Maximizing Profits By Calculating Your Hotel's Break-Even Point

By James Downey Professor, Program Coordinator MBA Hospitality & Event Management, Lynn University | January 21, 2018

The notion behind break-even analysis or more formally known as cost-volume-profit (CVP) analysis centers around calculating your operations fixed and variable costs. One can catagorize fixed costs as a hotel general manager's enemy and variable costs as a financial friend.

This is so because a salaried employee's pay does not vary typically over one year offering no ability to lower its impact on the bottom line while a wage earners pay can be adjusted up or down depending upon the hours worked

Fixed Costs 

Fixed costs are the hotel manager's nemesis because they do not change in the short run. (under one year) Why are they considered a nemesis? Because they do not change regardless of increases or decreases with actual sales revenue or volume. A primary example of a fixed cost is a manager's salary at any level. Other fixed costs may include insurance, depreciation, rent, property taxes and income taxes, among others.

Variable Costs

Unlike a fixed cost, a variable cost is the hotel manager's friend because it changes in relation to sales revenue or volume. A primary example of a variable cost is cost of sales for the food and beverage department. If food and beverage sales go up, more costs increase proportional to purchase those food and beverage items. Another example is the wage a worker receives. These workers are "on the clock" and can be a taken off the clock at any time. Unlike salaried personnel who earn an amount the entire year whether they work short or long hours, wage earners can save the operation money simply by utilizing them on a need only basis.

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Coming up in June 2019...

Sales & Marketing: Selling Experiences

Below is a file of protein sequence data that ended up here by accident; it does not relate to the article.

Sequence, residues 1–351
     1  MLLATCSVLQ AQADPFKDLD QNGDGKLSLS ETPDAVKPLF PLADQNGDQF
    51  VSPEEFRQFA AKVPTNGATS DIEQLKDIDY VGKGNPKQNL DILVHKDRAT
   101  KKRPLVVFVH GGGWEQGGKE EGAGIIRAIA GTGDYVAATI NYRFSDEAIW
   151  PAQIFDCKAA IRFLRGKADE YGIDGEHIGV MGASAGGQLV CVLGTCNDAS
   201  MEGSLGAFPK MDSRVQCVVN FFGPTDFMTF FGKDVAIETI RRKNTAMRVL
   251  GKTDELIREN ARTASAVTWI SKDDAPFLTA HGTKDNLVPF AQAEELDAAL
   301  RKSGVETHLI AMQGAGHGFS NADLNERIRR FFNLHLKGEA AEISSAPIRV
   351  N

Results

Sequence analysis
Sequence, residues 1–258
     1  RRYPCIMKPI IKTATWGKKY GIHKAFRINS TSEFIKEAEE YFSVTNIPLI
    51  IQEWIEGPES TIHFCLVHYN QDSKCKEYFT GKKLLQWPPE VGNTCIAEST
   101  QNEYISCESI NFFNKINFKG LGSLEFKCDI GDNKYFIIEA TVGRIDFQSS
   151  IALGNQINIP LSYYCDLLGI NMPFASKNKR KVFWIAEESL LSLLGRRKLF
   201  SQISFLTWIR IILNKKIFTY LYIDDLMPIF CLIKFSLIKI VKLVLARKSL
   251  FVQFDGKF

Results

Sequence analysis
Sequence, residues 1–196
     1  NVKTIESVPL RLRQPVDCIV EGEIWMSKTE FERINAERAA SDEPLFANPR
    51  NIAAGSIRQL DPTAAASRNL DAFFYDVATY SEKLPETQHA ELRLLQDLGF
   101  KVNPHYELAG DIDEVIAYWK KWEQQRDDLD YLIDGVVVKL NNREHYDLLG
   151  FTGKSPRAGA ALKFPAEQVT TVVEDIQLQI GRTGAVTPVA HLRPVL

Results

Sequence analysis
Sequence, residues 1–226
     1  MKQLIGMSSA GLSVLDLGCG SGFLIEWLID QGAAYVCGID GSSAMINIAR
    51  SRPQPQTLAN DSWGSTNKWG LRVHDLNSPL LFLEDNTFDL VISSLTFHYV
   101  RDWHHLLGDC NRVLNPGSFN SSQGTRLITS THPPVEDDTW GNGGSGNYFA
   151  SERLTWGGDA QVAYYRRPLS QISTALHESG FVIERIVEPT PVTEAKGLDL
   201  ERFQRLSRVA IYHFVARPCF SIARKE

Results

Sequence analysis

There are innumerable strategies that Hotel Sales and Marketing Directors employ to find, engage and entice guests to their property, and those strategies are constantly evolving. A breakthrough technology, pioneering platform, or even a simple algorithm update can cause new trends to emerge and upend the best laid plans. Sales and marketing departments must remain agile so they can adapt to the ever changing digital landscape. As an example, the popularity of virtual reality is on the rise, as 360 interactive technologies become more mainstream. Chatbots and artificial intelligence are also poised to become the next big things, as they take guest personalization to a whole new level. But one sales and marketing trend that is currently resulting in major benefits for hotels is experiential marketing - the effort to deliver an experience to potential guests. Mainly this is accomplished through the creative use of video and images, and by utilizing what has become known as User Generated Content. By sharing actual personal content (videos and pictures) from satisfied guests who have experienced the delights of a property, prospective guests can more easily imagine themselves having the same experience. Similarly, Hotel Generated Content is equally important. Hotels are more than beds and effective video presentations can tell a compelling story - a story about what makes the hotel appealing and unique. A video walk-through of rooms is essential, as are video tours in different areas of a hotel. The goal is to highlight what makes the property exceptional, but also to show real people having real fun - an experience that prospective guests can have too. The June Hotel Business Review will report on some of these issues and strategies, and examine how some sales and marketing professionals are integrating them into their operations.